I have been a teller at a bank for a year and a half now. There are a few ways one can check a $100 bill.
- Counterfeit marker test
- U.V. light test
- Texture (newer bills)
- Manual / Visual examination of bill
- Machine Test
The most well known is a water mark test. This is done by holding a bill up in front of a source of light to check for a hidden image. This image should be pretty clear and distinct, and not too displaced to one side.
Second, there are markers which use a special ink and can help determine currency paper vs ordinary paper (money is printed on a special paper). This is known as a counterfeit marker test. The ink will remain yellow or mustard if on a $100, or $50, but will turn dark brown on other types of paper. This is one of the quickest ways and can be seen at most retail stores.
Third, most currencies have a U.V. light feature. For the $100, a red line should be seen to the left side of the president. This can only be seen under a UV light.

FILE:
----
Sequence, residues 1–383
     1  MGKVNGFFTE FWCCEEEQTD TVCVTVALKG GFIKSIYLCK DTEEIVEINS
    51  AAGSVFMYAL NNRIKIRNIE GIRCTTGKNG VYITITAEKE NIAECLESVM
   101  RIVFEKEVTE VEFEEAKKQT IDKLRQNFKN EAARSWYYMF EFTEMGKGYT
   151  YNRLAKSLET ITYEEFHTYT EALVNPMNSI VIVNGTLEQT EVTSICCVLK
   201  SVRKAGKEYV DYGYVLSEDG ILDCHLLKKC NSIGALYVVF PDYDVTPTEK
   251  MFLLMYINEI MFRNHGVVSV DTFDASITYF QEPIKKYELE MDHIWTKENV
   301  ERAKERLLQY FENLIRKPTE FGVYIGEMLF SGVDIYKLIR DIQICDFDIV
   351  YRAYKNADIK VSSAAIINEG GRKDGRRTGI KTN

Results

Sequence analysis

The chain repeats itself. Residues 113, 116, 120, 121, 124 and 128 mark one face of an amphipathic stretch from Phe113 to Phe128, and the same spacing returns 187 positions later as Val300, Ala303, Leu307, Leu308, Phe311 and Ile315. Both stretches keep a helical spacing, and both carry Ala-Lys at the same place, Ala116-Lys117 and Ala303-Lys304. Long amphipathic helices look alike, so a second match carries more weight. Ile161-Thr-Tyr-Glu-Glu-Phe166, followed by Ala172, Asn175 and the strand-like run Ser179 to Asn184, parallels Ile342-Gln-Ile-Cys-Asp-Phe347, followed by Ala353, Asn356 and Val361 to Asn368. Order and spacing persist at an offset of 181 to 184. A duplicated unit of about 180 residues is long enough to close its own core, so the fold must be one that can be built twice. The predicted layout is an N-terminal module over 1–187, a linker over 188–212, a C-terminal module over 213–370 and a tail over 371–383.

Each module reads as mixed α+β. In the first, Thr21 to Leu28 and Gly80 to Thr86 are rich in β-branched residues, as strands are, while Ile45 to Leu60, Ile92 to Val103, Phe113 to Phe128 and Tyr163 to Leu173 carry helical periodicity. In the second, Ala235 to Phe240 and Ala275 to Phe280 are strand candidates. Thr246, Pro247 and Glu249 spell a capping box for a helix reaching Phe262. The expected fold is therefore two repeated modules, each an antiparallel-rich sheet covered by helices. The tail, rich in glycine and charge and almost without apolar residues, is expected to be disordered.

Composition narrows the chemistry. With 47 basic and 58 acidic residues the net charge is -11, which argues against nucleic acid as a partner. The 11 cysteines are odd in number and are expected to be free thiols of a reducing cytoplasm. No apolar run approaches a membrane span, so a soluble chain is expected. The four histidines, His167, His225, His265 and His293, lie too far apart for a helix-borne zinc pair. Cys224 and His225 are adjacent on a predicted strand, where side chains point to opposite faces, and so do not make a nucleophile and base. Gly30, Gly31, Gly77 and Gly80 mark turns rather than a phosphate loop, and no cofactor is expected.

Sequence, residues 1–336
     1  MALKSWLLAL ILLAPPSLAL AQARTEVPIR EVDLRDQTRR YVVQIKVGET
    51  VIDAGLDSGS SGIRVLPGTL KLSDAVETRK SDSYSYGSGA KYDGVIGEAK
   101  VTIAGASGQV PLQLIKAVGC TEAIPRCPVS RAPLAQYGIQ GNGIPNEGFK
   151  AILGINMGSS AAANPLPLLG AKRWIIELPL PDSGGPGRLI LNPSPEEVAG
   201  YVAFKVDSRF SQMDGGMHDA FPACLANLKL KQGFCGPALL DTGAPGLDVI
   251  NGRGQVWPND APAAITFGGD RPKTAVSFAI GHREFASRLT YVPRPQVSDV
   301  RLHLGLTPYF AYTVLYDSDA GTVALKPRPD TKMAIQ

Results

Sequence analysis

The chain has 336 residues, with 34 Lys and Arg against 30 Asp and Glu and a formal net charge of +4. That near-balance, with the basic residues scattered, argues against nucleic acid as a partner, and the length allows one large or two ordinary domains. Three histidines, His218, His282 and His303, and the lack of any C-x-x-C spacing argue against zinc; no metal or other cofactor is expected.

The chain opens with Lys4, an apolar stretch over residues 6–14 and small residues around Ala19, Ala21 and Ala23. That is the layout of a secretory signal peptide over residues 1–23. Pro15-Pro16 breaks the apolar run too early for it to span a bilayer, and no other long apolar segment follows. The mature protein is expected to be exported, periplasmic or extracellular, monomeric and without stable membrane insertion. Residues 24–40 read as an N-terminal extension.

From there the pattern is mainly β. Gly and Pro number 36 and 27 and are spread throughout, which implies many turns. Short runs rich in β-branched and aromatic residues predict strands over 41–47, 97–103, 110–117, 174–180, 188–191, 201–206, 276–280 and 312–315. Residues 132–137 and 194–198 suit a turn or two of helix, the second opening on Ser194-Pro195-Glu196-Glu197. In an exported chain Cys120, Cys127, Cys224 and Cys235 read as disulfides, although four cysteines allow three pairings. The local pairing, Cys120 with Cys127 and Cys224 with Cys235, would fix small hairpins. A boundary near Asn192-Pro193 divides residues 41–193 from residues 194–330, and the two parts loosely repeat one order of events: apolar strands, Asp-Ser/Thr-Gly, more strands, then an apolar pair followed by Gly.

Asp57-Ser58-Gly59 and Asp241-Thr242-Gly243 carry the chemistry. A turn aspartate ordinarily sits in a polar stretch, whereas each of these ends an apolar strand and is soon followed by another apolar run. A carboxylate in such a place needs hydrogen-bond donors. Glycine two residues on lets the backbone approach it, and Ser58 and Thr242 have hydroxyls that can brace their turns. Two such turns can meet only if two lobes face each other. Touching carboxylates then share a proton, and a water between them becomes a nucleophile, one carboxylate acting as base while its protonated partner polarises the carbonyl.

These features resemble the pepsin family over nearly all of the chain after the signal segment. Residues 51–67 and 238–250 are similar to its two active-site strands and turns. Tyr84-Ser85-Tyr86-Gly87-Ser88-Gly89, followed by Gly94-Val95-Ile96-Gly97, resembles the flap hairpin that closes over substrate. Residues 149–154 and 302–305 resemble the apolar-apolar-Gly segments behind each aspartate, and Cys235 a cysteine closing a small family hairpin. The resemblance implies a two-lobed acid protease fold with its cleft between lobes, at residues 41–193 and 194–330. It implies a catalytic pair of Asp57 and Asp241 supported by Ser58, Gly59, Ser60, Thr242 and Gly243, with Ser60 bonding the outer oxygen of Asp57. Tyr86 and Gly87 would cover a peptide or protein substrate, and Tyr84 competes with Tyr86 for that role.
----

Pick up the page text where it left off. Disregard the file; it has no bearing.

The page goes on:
Fourth, on newer blue bills there is a texture feature. Around the collar of the president if one runs there finger nail, the bill should be smooth and then the finger nail should feel a few small “bumps”
Lastly, there is a manual that most banks have on hand regarding foreign currencies, but the manual also explains visual checks for authenticity for American currency. This manual explains some of the test I mentioned here, as well visual checks detailing to look for repeated serial numbers, odd margins, clarity in printed text, clarity in print of the denomination, etc.
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